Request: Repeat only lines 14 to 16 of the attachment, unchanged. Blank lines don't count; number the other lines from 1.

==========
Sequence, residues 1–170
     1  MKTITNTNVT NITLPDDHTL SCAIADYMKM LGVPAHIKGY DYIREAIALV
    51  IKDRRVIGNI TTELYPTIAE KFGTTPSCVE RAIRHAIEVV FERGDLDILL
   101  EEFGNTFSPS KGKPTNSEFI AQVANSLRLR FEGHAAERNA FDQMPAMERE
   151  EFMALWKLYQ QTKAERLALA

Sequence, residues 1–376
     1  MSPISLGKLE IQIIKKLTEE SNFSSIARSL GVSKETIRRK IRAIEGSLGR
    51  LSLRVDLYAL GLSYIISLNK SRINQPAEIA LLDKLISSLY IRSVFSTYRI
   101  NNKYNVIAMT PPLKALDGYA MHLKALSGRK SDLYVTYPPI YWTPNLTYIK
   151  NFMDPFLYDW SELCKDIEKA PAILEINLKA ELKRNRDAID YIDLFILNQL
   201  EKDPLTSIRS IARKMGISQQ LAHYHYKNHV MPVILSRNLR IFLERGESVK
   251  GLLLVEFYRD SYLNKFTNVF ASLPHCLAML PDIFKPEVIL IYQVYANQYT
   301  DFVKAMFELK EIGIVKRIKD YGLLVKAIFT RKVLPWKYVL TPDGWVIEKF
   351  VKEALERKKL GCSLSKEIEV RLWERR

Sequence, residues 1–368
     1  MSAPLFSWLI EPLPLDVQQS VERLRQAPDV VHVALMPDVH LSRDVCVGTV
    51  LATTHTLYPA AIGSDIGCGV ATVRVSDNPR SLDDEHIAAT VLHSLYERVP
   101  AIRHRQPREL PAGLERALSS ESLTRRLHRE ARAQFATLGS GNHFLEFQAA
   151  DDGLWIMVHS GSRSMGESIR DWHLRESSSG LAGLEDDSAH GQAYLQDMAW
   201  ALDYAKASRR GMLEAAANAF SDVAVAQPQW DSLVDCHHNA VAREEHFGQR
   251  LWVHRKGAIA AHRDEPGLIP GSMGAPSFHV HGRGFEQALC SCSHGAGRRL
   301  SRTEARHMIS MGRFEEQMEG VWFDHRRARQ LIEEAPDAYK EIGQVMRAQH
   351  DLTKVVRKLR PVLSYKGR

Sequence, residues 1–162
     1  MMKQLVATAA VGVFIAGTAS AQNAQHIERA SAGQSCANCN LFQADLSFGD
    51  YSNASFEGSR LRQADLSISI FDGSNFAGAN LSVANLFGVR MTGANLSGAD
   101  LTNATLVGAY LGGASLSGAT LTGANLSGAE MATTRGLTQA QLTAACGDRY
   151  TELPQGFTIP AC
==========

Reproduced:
   351  VKEALERKKL GCSLSKEIEV RLWERR

Sequence, residues 1–368
     1  MSAPLFSWLI EPLPLDVQQS VERLRQAPDV VHVALMPDVH LSRDVCVGTV